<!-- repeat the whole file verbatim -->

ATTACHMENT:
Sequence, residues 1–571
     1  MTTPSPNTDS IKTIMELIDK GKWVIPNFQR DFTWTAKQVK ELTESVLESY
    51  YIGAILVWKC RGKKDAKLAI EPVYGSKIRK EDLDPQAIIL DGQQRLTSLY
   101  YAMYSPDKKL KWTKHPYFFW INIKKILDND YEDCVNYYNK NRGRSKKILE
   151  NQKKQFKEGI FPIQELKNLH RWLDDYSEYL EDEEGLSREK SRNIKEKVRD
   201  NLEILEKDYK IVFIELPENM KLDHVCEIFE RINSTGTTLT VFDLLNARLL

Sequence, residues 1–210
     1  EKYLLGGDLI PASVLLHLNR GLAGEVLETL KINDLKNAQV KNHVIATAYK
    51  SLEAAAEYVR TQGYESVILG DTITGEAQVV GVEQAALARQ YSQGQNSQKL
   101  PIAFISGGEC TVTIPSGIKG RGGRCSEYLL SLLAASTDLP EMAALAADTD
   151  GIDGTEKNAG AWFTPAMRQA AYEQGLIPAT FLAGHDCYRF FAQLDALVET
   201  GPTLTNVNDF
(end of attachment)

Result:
Sequence, residues 1–571
     1  MTTPSPNTDS IKTIMELIDK GKWVIPNFQR DFTWTAKQVK ELTESVLESY
    51  YIGAILVWKC RGKKDAKLAI EPVYGSKIRK EDLDPQAIIL DGQQRLTSLY
   101  YAMYSPDKKL KWTKHPYFFW INIKKILDND YEDCVNYYNK NRGRSKKILE
   151  NQKKQFKEGI FPIQELKNLH RWLDDYSEYL EDEEGLSREK SRNIKEKVRD
   201  NLEILEKDYK IVFIELPENM KLDHVCEIFE RINSTGTTLT VFDLLNARLL

Sequence, residues 1–210
     1  EKYLLGGDLI PASVLLHLNR GLAGEVLETL KINDLKNAQV KNHVIATAYK
    51  SLEAAAEYVR TQGYESVILG DTITGEAQVV GVEQAALARQ YSQGQNSQKL
   101  PIAFISGGEC TVTIPSGIKG RGGRCSEYLL SLLAASTDLP EMAALAADTD
   151  GIDGTEKNAG AWFTPAMRQA AYEQGLIPAT FLAGHDCYRF FAQLDALVET
   201  GPTLTNVNDF